Rules for Rolling Over an IRA to a HSA

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Rules for Rolling Over an IRA to a Health Savings Account

Generally, you can roll over an IRA to an HSA if you haven't signed up for Medicare yet. But it gets complicated if you're within a year of Medicare eligibility.


Can you roll over money from an IRA to a health savings account after you’re on Medicare?

See Also: How to Make Your Health Savings Account Grow

No. You can only roll over money from an IRA to an HSA when you’re eligible to make new HSA contributions, and you can’t make new HSA contributions after you sign up for Medicare.

But there’s a quirk in the rules that makes things more complicated: a special “12-month testing period” for the rollover, which means you need to remain eligible to make HSA contributions for up to 12 months after rolling over the money from the IRA to the HSA, or else some of the funds will be taxable as income and a 10% penalty will apply, says Roy Ramthun, president of HSA Consulting Services.

Because of this rule, it’s best to roll over money from an IRA to an HSA more than a year before you plan to sign up for Medicare, while you still have an HSA-eligible high-deductible health insurance policy. To qualify to make new HSA contributions in 2016, your policy must have a deductible of at least $1,300 for individual coverage or $2,600 for family coverage.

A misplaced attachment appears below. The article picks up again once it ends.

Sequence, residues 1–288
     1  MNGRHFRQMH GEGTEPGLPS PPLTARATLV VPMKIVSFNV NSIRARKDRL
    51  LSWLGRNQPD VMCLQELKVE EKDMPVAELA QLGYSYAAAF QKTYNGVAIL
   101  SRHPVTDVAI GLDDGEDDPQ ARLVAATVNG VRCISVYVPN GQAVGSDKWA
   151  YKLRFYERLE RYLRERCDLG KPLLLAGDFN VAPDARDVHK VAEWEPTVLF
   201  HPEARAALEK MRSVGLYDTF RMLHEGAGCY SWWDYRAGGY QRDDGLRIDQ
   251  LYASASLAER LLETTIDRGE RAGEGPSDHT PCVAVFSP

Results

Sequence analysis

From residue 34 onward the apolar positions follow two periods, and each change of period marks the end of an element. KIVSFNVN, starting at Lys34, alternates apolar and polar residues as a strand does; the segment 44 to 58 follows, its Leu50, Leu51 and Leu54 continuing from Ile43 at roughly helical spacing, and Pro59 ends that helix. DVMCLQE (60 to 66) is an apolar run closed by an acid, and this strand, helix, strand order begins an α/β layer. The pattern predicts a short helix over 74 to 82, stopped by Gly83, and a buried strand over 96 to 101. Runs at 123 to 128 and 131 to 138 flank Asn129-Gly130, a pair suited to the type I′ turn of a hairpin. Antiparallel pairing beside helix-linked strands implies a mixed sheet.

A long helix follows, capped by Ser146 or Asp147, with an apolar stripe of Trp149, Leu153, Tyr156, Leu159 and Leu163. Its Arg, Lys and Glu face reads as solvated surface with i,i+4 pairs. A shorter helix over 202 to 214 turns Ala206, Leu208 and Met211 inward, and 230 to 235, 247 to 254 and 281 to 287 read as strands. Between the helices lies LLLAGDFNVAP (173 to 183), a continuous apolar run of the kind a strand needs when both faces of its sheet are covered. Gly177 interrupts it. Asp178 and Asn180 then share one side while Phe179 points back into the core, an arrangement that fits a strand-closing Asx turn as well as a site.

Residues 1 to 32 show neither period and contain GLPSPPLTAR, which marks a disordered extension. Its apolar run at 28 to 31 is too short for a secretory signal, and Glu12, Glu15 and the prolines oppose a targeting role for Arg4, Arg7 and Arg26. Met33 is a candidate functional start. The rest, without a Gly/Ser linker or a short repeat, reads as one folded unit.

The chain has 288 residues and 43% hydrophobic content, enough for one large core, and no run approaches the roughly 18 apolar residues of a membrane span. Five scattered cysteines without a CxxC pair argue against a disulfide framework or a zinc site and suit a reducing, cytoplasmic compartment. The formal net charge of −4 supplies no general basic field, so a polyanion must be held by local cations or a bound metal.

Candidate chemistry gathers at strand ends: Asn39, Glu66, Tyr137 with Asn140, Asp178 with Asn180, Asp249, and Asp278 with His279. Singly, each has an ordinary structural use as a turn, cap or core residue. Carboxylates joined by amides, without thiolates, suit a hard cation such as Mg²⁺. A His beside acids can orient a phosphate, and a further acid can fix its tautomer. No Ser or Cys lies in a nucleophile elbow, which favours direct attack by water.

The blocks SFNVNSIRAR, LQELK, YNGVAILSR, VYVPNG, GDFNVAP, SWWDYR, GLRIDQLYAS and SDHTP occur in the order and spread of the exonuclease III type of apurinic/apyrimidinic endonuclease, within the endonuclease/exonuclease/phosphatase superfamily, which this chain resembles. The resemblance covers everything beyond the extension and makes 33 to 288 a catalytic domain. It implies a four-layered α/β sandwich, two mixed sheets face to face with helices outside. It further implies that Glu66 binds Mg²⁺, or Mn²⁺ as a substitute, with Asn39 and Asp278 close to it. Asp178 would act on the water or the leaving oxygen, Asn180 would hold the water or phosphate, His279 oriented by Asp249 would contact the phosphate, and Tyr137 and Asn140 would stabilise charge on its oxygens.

You can roll over money from your IRA to an HSA only once in your lifetime, and the amount is limited to the maximum HSA contribution for the year, minus any HSA contributions you’ve already made in that year. In 2016, the HSA contribution limit is $3,350 if you have individual coverage or $6,750 for family coverage, plus an extra $1,000 if you’re 55 or older anytime during the year.

Transferring money from the IRA to an HSA can help you get money into the HSA quickly, which you can then use tax-free for medical expenses. So you can take money that is tax-deferred in a traditional IRA and would be taxable when withdrawn and instead make it eligible for tax-free withdrawals from an HSA. But if you can afford to make new contributions to the HSA, that’s usually a better choice – you get to keep more money in your IRA, and you can take a tax deduction for new HSA contributions.

For more information about the rules, see IRS Publication 969, Health Savings Accounts and Other Tax-Favored Health Plans. Also see our FAQs About Health Savings Accounts.

See Also: 10 Things You Must Know About Traditional IRAs

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